The holidays are a time for people to come together and celebrate, including the family pet(s). Your pet is a part of your family, so shouldn’t they get a “place” at the dinner table, too?
Of course they aren’t going to eat at the table or consume all of the same foods as humans. However, you could give them extra attention and special treatment during the season of giving.
Your dog has been smelling that turkey for hours on end, and they are coveting a taste. There’s no need to make them beg for a scrap. Let’s face it, no matter how many times you eat leftovers, at some point you just end up throwing the rest out.
Make good use of all that yummy extra food with the ultimate guide to holiday leftovers for pets. Our friends at Personal Creations compiled a list of foods to share and to avoid with regard to your furry friend. In addition to the guide on the Personal Creations website, see the infographics below which Katie and her team have shared.
Happy and Safe Thanksgiving to you and your family, including your furry ones!
We’ve entered Holiday Season 2018. Grocery stores are pulling out the turkeys and baking supplies for Thanksgiving, and big-box stores have set up Christmas trees. With Thanksgiving about a week away and Christmas only five to six weeks from now, this is a good time to remind pet parents of the dangers the holiday season can present to our furry family members.
Here are five pet safety tips to be mindful of these next two months:
Make sure you know your veterinarian’s holiday hours and the phone number of the emergency vet clinic in your community in case something should happen. Another handy number to have is the ASPCA Poison Control Hotline: 1-888-426-4435. Although we hope nothing happens to our furry family members, having these phone numbers handy and knowing if your vet (or another) is available on-call is good information to have just in case.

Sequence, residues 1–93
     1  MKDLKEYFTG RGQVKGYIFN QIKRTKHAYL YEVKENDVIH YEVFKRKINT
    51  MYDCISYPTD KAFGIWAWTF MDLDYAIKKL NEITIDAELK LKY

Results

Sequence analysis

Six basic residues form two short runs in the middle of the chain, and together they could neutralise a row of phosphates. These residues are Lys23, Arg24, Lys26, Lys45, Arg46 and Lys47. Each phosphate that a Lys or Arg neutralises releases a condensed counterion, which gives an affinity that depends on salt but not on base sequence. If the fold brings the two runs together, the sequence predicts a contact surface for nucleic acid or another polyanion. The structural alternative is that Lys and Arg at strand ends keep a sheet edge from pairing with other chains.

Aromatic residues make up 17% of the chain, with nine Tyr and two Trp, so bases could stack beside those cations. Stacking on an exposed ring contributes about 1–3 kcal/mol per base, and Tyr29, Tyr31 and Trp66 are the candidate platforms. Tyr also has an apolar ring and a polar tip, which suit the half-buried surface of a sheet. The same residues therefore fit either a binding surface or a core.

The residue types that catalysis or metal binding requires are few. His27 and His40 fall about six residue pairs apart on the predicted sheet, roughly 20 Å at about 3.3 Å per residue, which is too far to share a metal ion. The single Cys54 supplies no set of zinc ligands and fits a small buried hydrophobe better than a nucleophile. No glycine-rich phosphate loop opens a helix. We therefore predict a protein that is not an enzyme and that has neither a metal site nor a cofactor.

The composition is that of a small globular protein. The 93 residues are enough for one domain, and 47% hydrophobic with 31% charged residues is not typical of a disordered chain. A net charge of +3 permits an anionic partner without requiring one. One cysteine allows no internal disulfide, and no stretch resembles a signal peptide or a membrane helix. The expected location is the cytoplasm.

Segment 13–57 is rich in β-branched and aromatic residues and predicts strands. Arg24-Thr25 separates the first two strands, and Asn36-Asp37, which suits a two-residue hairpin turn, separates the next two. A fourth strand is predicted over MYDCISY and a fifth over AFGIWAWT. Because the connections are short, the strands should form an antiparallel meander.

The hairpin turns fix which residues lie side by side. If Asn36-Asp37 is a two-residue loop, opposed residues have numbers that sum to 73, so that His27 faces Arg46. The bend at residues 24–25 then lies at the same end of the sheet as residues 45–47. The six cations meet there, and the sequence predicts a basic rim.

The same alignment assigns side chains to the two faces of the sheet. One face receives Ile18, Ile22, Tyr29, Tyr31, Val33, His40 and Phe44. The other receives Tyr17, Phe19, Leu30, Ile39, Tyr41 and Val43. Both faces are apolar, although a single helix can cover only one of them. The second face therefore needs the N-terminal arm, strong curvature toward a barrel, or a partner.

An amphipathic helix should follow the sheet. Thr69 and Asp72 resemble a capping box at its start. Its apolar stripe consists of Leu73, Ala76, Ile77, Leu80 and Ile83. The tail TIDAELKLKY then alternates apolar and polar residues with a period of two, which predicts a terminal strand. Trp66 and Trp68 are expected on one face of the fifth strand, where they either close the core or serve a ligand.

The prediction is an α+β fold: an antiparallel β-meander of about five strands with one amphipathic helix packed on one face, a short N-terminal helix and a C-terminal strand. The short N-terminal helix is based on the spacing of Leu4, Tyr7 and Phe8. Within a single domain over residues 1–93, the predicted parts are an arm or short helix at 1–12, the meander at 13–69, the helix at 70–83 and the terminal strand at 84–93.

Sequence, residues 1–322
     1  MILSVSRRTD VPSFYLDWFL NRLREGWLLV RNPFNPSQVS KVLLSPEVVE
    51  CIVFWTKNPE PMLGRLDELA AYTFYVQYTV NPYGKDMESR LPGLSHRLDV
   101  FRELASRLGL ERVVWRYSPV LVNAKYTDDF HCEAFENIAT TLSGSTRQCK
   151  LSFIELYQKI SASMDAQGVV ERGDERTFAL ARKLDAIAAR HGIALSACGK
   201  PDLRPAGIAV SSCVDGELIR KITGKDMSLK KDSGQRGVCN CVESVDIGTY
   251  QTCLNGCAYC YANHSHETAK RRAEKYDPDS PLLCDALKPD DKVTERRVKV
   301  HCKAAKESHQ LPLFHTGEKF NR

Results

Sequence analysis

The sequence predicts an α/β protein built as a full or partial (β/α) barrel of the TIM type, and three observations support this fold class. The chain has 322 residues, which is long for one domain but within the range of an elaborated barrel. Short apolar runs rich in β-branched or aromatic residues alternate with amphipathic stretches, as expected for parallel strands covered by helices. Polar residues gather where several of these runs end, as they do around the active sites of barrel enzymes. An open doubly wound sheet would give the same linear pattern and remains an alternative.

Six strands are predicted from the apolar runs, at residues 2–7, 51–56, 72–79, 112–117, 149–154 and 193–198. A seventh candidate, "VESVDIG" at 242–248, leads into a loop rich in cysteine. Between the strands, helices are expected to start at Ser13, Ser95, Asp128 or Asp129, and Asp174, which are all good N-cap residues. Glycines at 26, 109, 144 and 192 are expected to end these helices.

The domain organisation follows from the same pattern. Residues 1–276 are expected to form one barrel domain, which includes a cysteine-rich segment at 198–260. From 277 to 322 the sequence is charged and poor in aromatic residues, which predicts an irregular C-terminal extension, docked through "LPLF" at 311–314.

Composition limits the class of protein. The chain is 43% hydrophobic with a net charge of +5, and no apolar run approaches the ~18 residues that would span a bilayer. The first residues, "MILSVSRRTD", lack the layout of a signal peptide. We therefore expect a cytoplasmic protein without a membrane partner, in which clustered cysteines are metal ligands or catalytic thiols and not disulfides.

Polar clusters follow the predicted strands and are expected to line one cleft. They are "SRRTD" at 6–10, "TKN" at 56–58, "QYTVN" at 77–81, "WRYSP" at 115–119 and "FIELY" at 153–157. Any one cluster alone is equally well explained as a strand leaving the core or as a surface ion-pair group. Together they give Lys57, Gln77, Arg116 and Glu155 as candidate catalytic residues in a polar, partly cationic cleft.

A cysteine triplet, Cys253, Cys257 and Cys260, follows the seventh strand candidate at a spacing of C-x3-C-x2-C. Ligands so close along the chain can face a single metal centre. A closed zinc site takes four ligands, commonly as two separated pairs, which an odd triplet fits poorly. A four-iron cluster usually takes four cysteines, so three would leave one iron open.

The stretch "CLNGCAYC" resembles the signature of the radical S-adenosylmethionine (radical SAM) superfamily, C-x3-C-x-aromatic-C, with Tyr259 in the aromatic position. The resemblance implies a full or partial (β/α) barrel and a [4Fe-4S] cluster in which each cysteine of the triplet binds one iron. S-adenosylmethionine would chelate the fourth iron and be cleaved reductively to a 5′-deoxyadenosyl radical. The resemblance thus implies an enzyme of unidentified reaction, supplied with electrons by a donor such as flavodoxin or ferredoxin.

Find more tips and helpful information regarding holiday safety at these websites:
NEXT WEEK: A guest post from Katie at Personal Creations on Thanksgiving Food Do’s and Don’t’s for your pet, including creative food and treat ideas from your left-overs! Be sure to stop by! Meantime, check out the graphic below from Personal Creations for this week's blog post.
Many of us recognize some dogs have jobs, such as herding, hunting, and guarding. However, did you know some dogs serve in the U.S. military?
According to an article by the American Forces Press Service, the United States Military uses more than 2,000 working dogs throughout the globe. The Department of Defense’s Military Working Dog Program, based at Lackland Air Force Base in Texas, deploys dogs and their handlers of the different branches of military service to various parts of the world. These teams safeguard military bases, help fight the war on terror, and detect bombs and other explosives. Because a dog’s sense of smell is so acute, they can detect the smallest trace of explosives and drugs, and they are trained to alert their handlers of such materials.
Dogs serving in the military isn’t anything new, even though their duties might be. Canines served in World War I and II as well as in Vietnam. They have been instrumental in Iraq and Afghanistan, and even in the capture of Osama bin Laden with the Navy Seals.
Different dog breeds have been used in military service, including Labs. Today’s military working dogs in the Defense Department program are primarily German and Dutch shepherds and Belgian Malinois. About 500 dogs are deployed at one time.
A memorial to dogs serving in war was dedicated in June 2006. It is found at the New Jersey Vietnam Veterans’ Memorial. Learn more here: https://www.njvvmf.org/us-war-dog-memorial/.
On Sunday, November 11, America celebrates Veterans Day. Let us take time to honor our human veterans as well as our military service dogs. Both display deep loyalty to country and to each other. Let’s not forget their sacrifice!